It has not been politics as usual in 2016. Instead, it has been a year that left pollsters scratching their heads when the unexpected became a reality. Britain is on its way to leaving the European Union and Donald Trump is preparing to make the White House his new home. For brands, big cultural moments have always been easy wins when it comes to marketing. Flagship events such as the Oscars or the Super Bowl are ways to capture a large audience already consumed with the event and share the brand's message with them. Yet politics is normally out of bounds as companies attempt to appeal to the widest consumer base possible. But increasingly, as more companies aim to be lifestyle brands and part of consumers’ daily lives not only through products but through values as well, some are beginning to enter the political fray.
Ben & Jerry’s has long differentiated itself as a brand with a social purpose that tends to skew towards the left and liberal. It has launched flavours that support gay marriage, environmental issues, and more recently, voting rights. But its One Sweet World campaign sought to bridge feelings of division after a tumultuous year. Launched in the European market in response to Coventry University’s study on negative narratives in the press, the animated short shows a lemon with Trump-style hair cut espousing alienating rhetoric to crowds of cheering lemons. After a lesson in inclusion, it ends with the message: ‘We don’t live in a one-flavour world’ and promotes dialogue over division.
Inclusivity seems to be the key message from brands that are dipping their toes into political discourse. Amazon, Airbnb and Apple have all recently released ads that promote togetherness and open-heartedness. Despite the fact that each was developed before Trump’s election victory, they are a response to the months of political agitation and feelings of alienation that a particularly brutal campaign fostered.
But is a gentle message of inclusivity all that brands can and should do? Is it possible to cross the line when it comes to politics? In the UK, the Stop Funding Hate campaign has been pressurising brands such as Waitrose, John Lewis, Sainsbury's and Co-op to remove their advertising from media that spread messages of hate. Lego, which had also been targeted by the group, was the first to respond, announcing on Twitter that it will end its promotional activity with The Daily Mail for the foreseeable future. But John Lewis has said that while it fully appreciates the strength of feeling on the issue, it never makes an editorial judgement on a particular newspaper, and some commentators have declared that the campaign is tantamount to political censorship. That’s the difficulty – by pulling advertising from The Daily Mail, not only is Lego passing judgement on its content, but also on its readership, and that is more than two million potential customers it risks offending.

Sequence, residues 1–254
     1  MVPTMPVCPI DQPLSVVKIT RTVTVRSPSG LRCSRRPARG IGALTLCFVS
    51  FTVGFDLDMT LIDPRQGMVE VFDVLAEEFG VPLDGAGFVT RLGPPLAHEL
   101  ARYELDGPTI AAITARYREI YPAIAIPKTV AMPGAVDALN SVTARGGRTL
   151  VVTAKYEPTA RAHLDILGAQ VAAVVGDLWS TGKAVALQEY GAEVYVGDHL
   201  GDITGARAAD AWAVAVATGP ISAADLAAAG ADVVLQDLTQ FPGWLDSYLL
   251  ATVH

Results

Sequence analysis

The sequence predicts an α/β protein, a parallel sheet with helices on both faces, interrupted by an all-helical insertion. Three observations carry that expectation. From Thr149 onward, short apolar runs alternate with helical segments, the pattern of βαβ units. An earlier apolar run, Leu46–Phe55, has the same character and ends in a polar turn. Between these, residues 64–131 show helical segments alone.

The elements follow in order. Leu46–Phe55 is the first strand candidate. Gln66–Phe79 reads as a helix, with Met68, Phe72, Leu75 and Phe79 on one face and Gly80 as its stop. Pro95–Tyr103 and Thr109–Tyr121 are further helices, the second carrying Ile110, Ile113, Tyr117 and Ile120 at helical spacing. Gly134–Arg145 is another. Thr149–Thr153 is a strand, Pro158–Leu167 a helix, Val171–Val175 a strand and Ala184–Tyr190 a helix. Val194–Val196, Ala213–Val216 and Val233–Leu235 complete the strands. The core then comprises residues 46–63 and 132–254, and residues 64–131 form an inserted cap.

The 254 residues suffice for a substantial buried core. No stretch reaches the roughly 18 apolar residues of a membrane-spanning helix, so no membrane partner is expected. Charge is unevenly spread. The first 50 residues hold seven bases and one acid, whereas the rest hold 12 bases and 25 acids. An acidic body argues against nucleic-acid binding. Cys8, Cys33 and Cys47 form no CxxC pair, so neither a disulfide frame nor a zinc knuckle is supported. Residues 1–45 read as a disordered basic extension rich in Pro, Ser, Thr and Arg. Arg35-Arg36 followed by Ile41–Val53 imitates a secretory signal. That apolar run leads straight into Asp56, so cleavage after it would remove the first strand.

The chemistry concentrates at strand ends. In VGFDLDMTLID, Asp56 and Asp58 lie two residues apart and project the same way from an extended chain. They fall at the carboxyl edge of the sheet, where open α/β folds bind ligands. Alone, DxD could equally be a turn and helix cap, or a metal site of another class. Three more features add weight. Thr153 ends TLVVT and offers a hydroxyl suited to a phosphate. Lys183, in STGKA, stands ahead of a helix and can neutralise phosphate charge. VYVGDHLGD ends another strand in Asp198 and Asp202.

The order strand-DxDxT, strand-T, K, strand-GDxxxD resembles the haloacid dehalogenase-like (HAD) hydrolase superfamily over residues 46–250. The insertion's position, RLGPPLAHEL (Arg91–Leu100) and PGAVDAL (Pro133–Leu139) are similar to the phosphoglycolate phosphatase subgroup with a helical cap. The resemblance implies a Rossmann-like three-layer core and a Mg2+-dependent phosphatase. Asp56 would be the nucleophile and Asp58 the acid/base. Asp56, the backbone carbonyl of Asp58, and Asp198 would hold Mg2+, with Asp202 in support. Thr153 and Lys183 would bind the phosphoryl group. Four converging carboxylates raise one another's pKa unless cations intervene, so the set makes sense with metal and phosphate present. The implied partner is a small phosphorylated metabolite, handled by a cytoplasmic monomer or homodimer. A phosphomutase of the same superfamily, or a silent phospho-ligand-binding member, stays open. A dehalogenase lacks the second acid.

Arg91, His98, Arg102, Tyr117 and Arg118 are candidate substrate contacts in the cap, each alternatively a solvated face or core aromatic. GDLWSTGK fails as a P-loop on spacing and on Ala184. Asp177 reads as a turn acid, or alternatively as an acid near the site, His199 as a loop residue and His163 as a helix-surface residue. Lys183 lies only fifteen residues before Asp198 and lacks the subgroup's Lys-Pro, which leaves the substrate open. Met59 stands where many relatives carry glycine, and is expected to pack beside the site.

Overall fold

Perhaps the tactics of Ben & Jerry’s after Trump won the election are a place to start. Moving away from the inclusive yet placating tones of the One Sweet World video, it adopted a more explicit stance. It posted an open letter to him on its website, stating: ‘During your campaign, you gave voice to many Americans who feel left out and marginalised, and today we challenge you to hear the voices of all Americans… We want to honour all of our nation’s experience.’ The tone is careful, respectful of the fact that Trump has been democratically elected, while acknowledging that not everyone is pleased with the result. It doesn’t just pay lip service to messages of hope and inclusivity. It acknowledges that while Ben & Jerry’s is a company that wants to get its ice cream to as many people as possible, it is also full of people who have different opinions and beliefs. It both congratulates Trump and challenges him.
It used to be easy to be a Brandstanding company that promoted causes that felt universally important such as the environment. But if the US election and the Brexit vote have taught us anything, it is that a huge number of people feel ignored by politics. They probably feel ignored by brands as well. Ben & Jerry’s acknowledges this group while standing by its own values. Now is the time for other brands to do the same: uphold their values and reconsider how they talk to consumers beyond the aspirational urban elite. It's time to become a little political.